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Re: general rules for partitioning

> > I'm exploring Fedora Core while using it as a workstation, so I have
> > lots of optional stuff loaded. As a result, I find 8GB for /usr is just
> > barely enough. I tend to install things that are not RPM, and I leave
> > source lying around sometimes, so I give /usr/local 4G or more.
> Oh, if you're doing that, you probably want /usr/local separate too, for the
> same reason you want /home split off. 

Yeah, that's why I give /usr/local 4G or more.

> (In fact, on my own systems, I usually
> make /usr/local a symlink to /home/local.) 

Interesting thought. 

I've done something like that on a Mac. Softlinked /usr/local into a
directory on a UFS volume so I wouldn't have to worry about strange
permissions interactions with forked file systems and software that's
never seen more than one fork.

> > For the various dbs in the system, /var/www, etc., 2GB for /var is also
> > just barely enough. In fact, I like to have at least 1GB for /var/tmp,
> > separately.
> Sure -- if you've got that stuff, you're not a typical desktop system.

What with webdav, it's not that atypical anymore to have apache or
tomcat running on a desktop system.

And then there's /var/lib .

> (And
> this is why there's /srv, by the way. /var/www is icky.)

Why do you think so? 

> > A separate partition for /tmp is usefully when something tries to fill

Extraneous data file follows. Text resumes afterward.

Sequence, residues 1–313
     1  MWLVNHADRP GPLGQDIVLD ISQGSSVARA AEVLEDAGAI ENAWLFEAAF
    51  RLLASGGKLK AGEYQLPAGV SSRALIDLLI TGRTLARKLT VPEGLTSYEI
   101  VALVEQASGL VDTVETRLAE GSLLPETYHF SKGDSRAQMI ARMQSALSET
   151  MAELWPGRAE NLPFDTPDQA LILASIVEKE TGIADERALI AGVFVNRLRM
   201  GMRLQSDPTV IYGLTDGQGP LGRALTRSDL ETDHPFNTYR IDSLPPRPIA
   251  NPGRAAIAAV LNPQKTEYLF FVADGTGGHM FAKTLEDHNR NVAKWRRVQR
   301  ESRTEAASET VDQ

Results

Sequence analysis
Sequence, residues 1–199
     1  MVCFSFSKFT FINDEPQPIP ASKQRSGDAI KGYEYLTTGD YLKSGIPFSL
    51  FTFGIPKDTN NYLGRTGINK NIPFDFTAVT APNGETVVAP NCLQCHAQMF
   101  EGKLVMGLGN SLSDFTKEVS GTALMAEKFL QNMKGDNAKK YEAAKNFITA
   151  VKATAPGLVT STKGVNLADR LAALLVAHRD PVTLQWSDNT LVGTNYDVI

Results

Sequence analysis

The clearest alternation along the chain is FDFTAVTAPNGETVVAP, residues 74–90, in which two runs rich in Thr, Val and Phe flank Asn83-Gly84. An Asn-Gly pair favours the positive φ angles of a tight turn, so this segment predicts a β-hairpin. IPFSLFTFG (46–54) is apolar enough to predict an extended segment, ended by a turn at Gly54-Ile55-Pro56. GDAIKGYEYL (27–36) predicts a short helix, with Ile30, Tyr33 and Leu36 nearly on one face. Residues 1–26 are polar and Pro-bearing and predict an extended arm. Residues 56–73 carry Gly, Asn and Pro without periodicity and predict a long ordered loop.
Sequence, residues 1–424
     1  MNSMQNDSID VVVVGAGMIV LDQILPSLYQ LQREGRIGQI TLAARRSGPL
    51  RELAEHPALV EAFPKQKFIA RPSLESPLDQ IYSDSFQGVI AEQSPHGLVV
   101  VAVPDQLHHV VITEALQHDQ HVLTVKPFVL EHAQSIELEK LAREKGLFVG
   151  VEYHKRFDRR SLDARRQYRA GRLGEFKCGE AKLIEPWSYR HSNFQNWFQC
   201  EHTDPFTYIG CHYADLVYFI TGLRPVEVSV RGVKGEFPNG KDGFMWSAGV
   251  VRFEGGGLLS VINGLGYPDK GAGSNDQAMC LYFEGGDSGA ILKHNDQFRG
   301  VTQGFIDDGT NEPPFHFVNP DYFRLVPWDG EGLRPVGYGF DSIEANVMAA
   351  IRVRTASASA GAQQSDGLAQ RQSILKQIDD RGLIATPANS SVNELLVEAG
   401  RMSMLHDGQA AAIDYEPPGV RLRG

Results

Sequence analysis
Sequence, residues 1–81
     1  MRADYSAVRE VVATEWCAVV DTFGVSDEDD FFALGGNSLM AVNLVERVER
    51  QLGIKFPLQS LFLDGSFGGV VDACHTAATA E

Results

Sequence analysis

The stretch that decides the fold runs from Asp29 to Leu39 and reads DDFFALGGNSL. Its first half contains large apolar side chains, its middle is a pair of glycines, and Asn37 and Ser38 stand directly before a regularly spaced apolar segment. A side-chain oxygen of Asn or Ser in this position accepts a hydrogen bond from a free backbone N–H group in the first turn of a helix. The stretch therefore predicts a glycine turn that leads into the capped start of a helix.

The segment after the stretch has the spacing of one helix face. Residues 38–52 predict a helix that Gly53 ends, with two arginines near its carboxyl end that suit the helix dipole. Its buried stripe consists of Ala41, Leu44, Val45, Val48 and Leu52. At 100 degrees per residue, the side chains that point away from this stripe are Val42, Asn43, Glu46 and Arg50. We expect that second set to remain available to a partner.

> > /tmp, because it does not end up filling / . So I like to give it 1GB.
> Careful with that -- you don't want to end up with files from the boot
> process covered up in the /tmp mountpoint....

Oh? Hmm. Thanks for the heads up. I'll have to unmount /tmp and see
what's getting hidden. 

But that sure seems weird, seeing as the whole point of /tmp is to
have a place where temporaries can be written without worrying about
starving the root partition.

(Come to think of it, I've seen enough to recognize that
write-protecting the root partition is going to be less than useless in
Fedora Core.)

> > Speaking of / , I have been giving it a full 1GB. That's convenient for
> > updating the kernel and leaving an old kernel or two behind.
> An old kernel or twenty. :)


About six old kernels had it over half full, but of course there's more
than the kernel in there (including some stuff that, in freebsd, would
be in /var).

Come to think of it, since you mentioned /tmp, I wonder how much of that
disk usage is being hidden under /tmp .

Joel Rees   <rees ddcom co jp>
digitcom, inc.   株式会社デジコム
Kobe, Japan   +81-78-672-8800
** <http://www.ddcom.co.jp> **

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